Current Progressive Cattle digital edition

Irons in the fire: Wintertime blackbirds and bones

Paul Marchant for Progressive Cattleman Published on 22 February 2019
Dogs enjoy winter

 At sunrise, just a couple of days after Groundhog Day, I heard a comfortably familiar yet startling sound. Just outside the back door, 20 feet up in the bare poplar tree, two or three dozen blackbirds were chirping away as if they were welcoming May Day to the first week of February.

Aside from the mud I’d have to deal with when I fed, and wind expected that afternoon, it was shaping up to be a pretty nice day – almost spring-like.

Temperatures hadn’t even dipped below freezing the previous night and, as I ventured out to tackle the day, I made a bold decision: I’d forgo one layer of my normal winter garb. I was leaving the vest in the closet. It was a daring fashion statement, indeed, for so early in the year. As I walked under the tree and past the misguided harbingers of an early spring, the birds all took flight, in search of another landing spot with perhaps a smaller chance of human interruption.

“Stupid birds,” I thought. I was fairly certain they’d be singing a different tune, or no tune at all, in a day or two. I was sure winter would return. My first calf wouldn’t arrive for three or four weeks, and Ol’ Man Dub (That’s my hip-hop name for Mr. Winter. We have an understanding, and he’s cool with it) surely wasn’t ready to give up just yet. He always plays a little havoc with my calving season. And, truth be told, I wasn’t quite ready to be freed from his grip, anyway. As much as I whine and complain about winter, the season actually offers me a few protections – immunity, if you will.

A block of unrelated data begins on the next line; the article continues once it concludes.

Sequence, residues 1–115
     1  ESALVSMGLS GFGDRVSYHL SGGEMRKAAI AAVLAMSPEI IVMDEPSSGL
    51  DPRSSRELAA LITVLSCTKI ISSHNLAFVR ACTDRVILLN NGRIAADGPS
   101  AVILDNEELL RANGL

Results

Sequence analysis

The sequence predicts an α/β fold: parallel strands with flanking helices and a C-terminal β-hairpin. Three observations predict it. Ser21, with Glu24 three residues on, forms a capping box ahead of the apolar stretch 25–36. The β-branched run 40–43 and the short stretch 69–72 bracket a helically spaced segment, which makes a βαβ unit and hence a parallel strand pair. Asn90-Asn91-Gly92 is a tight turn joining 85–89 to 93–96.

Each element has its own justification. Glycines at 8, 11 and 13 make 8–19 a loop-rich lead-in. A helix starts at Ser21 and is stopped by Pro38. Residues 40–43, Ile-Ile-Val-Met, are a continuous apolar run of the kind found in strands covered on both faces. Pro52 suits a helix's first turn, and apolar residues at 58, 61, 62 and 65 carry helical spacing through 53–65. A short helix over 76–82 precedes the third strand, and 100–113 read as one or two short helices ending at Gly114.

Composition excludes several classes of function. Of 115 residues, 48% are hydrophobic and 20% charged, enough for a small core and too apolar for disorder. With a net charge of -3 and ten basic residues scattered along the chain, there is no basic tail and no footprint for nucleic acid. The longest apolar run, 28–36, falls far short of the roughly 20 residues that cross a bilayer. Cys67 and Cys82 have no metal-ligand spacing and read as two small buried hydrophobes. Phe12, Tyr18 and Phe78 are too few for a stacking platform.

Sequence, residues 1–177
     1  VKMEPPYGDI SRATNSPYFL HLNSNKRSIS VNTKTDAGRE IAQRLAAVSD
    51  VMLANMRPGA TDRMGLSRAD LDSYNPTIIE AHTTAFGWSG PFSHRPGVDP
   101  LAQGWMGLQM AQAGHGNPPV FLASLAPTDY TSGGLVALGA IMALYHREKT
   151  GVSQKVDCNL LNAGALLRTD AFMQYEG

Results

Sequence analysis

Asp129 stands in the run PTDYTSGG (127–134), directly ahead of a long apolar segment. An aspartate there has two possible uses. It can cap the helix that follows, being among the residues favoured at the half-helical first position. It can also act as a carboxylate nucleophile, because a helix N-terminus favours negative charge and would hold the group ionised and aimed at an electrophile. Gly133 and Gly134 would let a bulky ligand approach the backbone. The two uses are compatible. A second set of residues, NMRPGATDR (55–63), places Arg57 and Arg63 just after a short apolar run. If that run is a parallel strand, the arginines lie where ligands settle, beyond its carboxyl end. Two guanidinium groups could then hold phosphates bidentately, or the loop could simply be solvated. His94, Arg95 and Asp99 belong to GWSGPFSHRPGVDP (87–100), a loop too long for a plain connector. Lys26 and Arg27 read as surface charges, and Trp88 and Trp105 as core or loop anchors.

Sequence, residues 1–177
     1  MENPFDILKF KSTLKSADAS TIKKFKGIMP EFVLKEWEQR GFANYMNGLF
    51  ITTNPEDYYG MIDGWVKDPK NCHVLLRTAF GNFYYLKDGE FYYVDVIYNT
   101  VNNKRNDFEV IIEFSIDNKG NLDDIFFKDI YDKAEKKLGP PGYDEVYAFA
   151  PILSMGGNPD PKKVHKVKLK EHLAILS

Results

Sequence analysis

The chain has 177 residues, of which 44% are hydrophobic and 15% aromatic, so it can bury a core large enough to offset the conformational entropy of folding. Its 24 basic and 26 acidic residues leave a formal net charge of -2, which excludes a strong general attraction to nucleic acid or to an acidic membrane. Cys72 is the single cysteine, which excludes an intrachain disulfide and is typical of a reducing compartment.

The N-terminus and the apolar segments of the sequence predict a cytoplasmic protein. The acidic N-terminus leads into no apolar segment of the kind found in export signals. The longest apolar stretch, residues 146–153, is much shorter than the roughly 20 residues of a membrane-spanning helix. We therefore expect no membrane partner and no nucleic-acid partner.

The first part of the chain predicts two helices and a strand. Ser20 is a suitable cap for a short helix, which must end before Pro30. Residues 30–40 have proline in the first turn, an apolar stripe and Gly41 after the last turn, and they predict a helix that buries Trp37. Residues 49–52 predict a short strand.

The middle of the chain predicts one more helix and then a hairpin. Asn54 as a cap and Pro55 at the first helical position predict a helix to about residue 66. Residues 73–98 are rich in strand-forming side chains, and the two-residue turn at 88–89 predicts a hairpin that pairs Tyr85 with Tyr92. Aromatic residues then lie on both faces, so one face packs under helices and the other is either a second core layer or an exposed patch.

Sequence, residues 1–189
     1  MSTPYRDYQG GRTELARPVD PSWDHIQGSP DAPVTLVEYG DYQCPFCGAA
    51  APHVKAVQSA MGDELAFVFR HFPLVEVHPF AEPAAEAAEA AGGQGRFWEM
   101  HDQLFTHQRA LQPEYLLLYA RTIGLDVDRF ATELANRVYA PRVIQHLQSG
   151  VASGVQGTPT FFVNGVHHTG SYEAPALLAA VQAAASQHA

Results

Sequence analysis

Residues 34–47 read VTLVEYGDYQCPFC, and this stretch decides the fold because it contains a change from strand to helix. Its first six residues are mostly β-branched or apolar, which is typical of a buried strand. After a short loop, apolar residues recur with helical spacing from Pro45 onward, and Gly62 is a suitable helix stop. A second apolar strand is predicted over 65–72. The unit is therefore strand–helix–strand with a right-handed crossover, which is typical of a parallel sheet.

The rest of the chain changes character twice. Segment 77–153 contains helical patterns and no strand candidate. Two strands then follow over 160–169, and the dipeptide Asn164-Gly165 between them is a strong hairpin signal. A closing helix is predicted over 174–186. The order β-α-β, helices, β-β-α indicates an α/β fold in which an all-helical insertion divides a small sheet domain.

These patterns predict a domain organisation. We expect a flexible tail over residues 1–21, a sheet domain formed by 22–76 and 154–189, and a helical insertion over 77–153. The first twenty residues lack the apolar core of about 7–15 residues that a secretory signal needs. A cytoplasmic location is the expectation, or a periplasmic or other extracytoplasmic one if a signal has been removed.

I was reminded of this as I made my way to feed the bulls and tripped over the leftovers of the leg of a long-since-departed old cow, a treasure one of the dogs had dragged into the front yard. Naturally, as I avoided the bone, I stepped in another byproduct of my inexplicable need to always have an untrainable pup around the place. That’s one of the big three of fecal material I don’t want to step in, the other two being the refuse of pigs and cats.

Nope, true to my procrastinating nature, I wasn’t ready for spring just yet. Besides my disdain for flies and mosquitoes, I still needed winter’s blanket to continue to mask some of my more visible flaws. Shocking as it may be to you, gentle reader, my place tends to be a bit untidy at times. Mista’ Dub, with his frozen ground and beautiful white blanket of snow, is my Maybelline Full Cover Foundation to the teenager’s zit that is too often my yard and corrals before a good spring cleaning. With a good cover of snow, it’s as if the critter bones and the canine dung didn’t exist at all. Winter allows me to procrastinate and look good doing it.

Just in case you haven’t figured it out on your own, allow me to offer you a tip. That’s not a real good recipe for success. With all my experience in slothfulness and avoidance, I’ve come to realize it’s not a pleasant existence. Deception and denial are fickle mistresses.

They offer nothing but the promise of more regret for every tomorrow you push away from today. Although the frost belies the mud you’ll have to slog through before the fields and hills turn green and beautiful, and the pristine blanket of snow hides the trash in the yard, winter (like procrastination or deception) is no substitute for responsibility. The skeletons rarely stay hidden in the closet forever.

If you’re wondering, Ol’ Man Dub came back the next day with 10 inches of snow and temperatures in the teens. I don’t know where the blackbirds went, but I can take a little pride in knowing when they come back to the poplar tree behind the house, the bones will be absent from the yard.  end mark

PHOTO: The dogs enjoy winter at Chateau Marchant. Photo by Paul Marchant.

Paul Marchant
  • Paul Marchant

  • Writer
  • Progressive Cattleman
  • Email Paul Marchant